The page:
The Open Badges partners were "looking to build a standardized way we could recognize the education that happens everywhere," says Mark Surman, Mozilla's executive director. "Together we developed the Open Badges infrastructure—a badge interchange standard and a collection of open source software for issuing and sharing badges—to create one holistic view of an individual's learning, skills, and experience."
People can obtain Open Badges by mastering specific skills taught by badge issuers via online learning, or when peers, co-workers, or supervisors vouch for mastery of specific skills. Open Badges has issued more than 30,000 badges, many for hard-to-verify soft skills such as communication and teamwork. Others depict technical skills such as mastering Clean Coder or Media Maker.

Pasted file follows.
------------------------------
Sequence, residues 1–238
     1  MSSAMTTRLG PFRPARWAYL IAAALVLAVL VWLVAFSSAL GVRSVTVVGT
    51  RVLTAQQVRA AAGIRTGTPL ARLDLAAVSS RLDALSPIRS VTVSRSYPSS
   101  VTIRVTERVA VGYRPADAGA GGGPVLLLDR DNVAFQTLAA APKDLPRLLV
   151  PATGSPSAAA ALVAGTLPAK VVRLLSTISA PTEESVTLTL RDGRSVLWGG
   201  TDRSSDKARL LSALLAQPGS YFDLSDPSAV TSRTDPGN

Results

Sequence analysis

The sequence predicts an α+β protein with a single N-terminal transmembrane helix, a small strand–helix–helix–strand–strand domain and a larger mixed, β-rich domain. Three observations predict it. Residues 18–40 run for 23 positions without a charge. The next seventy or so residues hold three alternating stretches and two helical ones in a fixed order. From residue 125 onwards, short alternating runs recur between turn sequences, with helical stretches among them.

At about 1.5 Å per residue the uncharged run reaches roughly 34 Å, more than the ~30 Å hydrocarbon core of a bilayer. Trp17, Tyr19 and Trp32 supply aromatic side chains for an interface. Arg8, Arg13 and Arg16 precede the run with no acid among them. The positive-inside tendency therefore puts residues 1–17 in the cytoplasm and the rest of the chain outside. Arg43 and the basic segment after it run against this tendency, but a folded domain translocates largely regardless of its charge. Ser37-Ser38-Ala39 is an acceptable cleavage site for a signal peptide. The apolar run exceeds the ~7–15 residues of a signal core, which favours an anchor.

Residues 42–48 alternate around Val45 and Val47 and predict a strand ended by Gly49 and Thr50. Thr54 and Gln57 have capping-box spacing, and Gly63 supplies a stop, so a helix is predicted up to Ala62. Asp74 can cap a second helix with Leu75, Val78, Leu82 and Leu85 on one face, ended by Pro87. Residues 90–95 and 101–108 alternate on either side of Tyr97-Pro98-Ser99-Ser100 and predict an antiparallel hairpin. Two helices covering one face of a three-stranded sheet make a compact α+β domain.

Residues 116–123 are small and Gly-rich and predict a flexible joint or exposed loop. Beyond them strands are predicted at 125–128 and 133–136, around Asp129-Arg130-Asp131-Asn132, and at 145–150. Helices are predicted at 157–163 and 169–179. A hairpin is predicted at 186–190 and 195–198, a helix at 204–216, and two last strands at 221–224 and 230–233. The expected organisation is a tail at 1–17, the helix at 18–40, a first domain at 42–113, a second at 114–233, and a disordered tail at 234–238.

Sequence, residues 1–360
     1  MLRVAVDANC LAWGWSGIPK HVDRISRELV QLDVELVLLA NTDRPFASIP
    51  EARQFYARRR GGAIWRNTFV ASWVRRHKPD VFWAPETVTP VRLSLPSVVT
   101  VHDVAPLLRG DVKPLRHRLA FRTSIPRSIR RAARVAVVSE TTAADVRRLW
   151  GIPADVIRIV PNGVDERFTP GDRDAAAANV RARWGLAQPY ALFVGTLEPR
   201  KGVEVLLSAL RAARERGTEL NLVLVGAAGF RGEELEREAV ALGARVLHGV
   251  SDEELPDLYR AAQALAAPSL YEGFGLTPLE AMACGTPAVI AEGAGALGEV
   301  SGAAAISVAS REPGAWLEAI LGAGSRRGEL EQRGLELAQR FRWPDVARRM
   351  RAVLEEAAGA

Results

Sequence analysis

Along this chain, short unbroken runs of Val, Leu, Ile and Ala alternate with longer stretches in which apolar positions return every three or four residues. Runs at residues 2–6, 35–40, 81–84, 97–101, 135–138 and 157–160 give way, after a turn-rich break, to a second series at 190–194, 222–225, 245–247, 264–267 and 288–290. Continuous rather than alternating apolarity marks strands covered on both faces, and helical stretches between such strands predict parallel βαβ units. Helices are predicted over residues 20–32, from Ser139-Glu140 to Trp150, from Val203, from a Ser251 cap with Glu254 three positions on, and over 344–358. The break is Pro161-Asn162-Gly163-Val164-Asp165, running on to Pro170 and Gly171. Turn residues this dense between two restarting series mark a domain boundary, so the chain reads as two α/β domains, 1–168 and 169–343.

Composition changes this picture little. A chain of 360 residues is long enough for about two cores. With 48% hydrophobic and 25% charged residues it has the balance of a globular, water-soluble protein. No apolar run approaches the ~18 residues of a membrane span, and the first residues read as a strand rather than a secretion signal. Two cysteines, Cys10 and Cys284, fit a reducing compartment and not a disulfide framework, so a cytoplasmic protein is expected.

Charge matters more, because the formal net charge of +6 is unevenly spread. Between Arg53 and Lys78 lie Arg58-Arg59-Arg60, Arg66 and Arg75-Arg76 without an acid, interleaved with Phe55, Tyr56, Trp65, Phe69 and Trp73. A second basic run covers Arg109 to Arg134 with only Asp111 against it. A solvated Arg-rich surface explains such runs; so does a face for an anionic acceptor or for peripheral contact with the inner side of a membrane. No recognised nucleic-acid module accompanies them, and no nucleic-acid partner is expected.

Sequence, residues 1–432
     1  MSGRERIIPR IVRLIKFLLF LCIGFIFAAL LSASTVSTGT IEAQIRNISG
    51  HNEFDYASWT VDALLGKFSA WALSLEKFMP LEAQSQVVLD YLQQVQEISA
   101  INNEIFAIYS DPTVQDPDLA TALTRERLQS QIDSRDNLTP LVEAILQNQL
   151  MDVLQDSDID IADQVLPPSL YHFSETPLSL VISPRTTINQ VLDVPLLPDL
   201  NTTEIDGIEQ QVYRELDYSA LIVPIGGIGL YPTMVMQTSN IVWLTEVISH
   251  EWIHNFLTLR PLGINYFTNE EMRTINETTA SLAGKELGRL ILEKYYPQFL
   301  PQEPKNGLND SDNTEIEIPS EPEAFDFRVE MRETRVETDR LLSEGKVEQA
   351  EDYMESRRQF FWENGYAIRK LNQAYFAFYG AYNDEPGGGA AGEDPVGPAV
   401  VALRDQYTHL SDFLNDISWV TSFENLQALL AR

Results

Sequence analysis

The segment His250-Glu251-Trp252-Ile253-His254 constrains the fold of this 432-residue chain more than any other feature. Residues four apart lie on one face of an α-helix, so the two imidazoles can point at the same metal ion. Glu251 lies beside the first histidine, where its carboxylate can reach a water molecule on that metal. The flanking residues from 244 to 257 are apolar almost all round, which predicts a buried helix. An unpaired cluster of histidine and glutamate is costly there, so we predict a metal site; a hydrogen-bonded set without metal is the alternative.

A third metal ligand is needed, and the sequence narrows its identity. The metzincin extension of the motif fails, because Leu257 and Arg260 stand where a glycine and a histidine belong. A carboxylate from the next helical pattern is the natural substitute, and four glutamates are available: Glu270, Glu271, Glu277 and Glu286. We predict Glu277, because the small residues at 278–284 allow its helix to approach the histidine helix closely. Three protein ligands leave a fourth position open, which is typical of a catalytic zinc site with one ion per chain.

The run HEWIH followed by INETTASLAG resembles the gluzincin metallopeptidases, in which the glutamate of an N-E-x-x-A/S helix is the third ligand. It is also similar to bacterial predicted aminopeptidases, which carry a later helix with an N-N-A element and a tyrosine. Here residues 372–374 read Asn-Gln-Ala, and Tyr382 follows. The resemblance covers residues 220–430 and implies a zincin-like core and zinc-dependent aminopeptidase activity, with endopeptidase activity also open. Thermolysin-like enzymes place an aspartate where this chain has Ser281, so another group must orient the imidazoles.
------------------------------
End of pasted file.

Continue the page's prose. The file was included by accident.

Mozilla has created a technical standard for its badges that makes them portable to social networking sites, job sites, and other online locations. There also is a digital "backpack" where badge holders can collect, sort, and display their badges.
Another player in the digital badge world is Badgeville, whose cloud-based platform provides tools for personalizing users' experiences and rewarding desirable behavior. For example, Badgeville's customer service product helps customer service leaders measure, analyze, and reward key behaviors that reduce the time to handle requests using certain enterprise software. Badgeville's "reputation mechanics" use a person's achievements to unlock access to privileges. This helps create the "stickiness" or loyalty prized by marketers.
Colleges on board